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Mexico Finds Breast-Feeding Woes as Rate Drops

For related articles and more information, please visit OCA's Health Issues page and our Appetite For a Change page.

MEXICO CITY - Despite the well-known advantages to breast milk and vigorous campaigns around the world championing breast as best, Mexican mothers say the bottle is better.

In a dramatic decline over the past six years, today only one in seven mothers in Mexico breast-feeds exclusively in the first six months, the standard recommended by the World Health Organization. That leaves Mexico with nearly the lowest level of breast-feeding in Latin America.

Experts call it a public health crisis for a country where millions still live in extreme poverty, dirty water threatens the health of many families and education is poor. Mother's milk is richer in nutrients and antibodies that protect newborns from infections.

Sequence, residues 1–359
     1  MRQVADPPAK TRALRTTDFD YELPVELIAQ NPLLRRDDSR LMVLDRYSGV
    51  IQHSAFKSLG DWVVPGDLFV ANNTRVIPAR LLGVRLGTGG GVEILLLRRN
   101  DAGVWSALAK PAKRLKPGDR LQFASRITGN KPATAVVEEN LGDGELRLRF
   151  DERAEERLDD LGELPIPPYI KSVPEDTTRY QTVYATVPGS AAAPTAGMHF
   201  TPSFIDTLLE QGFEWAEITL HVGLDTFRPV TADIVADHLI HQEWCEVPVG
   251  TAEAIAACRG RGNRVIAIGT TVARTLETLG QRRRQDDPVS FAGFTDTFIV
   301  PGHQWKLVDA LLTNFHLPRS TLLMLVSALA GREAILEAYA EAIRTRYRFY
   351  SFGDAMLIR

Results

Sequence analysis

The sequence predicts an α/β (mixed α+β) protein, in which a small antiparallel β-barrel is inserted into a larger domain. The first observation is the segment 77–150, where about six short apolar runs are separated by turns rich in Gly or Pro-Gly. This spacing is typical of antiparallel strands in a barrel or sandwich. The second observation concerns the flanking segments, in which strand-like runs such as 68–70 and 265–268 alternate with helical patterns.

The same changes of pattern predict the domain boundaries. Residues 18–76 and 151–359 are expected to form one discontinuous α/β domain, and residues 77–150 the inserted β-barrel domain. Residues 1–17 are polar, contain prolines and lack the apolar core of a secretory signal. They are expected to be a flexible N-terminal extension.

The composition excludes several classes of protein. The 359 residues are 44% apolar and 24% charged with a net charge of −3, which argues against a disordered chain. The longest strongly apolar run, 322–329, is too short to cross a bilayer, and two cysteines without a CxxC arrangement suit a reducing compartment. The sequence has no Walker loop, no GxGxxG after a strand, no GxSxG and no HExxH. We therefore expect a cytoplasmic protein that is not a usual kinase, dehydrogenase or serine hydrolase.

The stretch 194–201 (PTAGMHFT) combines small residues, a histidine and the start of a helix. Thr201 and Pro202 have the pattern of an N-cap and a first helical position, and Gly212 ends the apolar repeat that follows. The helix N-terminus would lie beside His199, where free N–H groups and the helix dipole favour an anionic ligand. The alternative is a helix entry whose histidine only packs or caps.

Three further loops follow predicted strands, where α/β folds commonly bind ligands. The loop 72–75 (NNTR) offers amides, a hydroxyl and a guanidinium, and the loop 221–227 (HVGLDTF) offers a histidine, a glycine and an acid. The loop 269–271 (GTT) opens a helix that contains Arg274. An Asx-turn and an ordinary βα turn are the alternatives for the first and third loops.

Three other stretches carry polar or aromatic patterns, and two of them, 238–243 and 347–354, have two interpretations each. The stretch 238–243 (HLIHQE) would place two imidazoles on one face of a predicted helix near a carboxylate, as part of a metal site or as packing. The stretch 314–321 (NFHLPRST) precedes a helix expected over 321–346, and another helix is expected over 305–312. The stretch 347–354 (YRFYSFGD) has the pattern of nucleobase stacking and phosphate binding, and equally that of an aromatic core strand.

Mexico has the highest infant mortality rate among the world's 40 largest economies. Between 2005 and 2010, breast cancer deaths increased twice as fast as Mexico's female population, with some experts blaming declining rates of breast-feeding; studies show it cuts a woman's risk of cancer by 50 percent or more.

Officials blame an invasion of baby food ads, little regulation of formula companies and the failure of doctors to promote breast-feeding for an overreliance on formula.

"Mexico has become the example of what not to do. It's the strongest case of a setback in breast-feeding," said Marcos Arana Cedeno, a child nutrition expert and health adviser for the state of Chiapas.

Feeding newborns with breast milk can save lives in developing nations, where children have higher chances of dying from diarrhea and pneumonia. The WHO has recommended for the past decade that infants be given only breast milk for the first six months.

The percentage of Mexican moms who nurse their babies that long fell from 22 percent in 2006 to 14 percent last year, according to a Health Department survey.  


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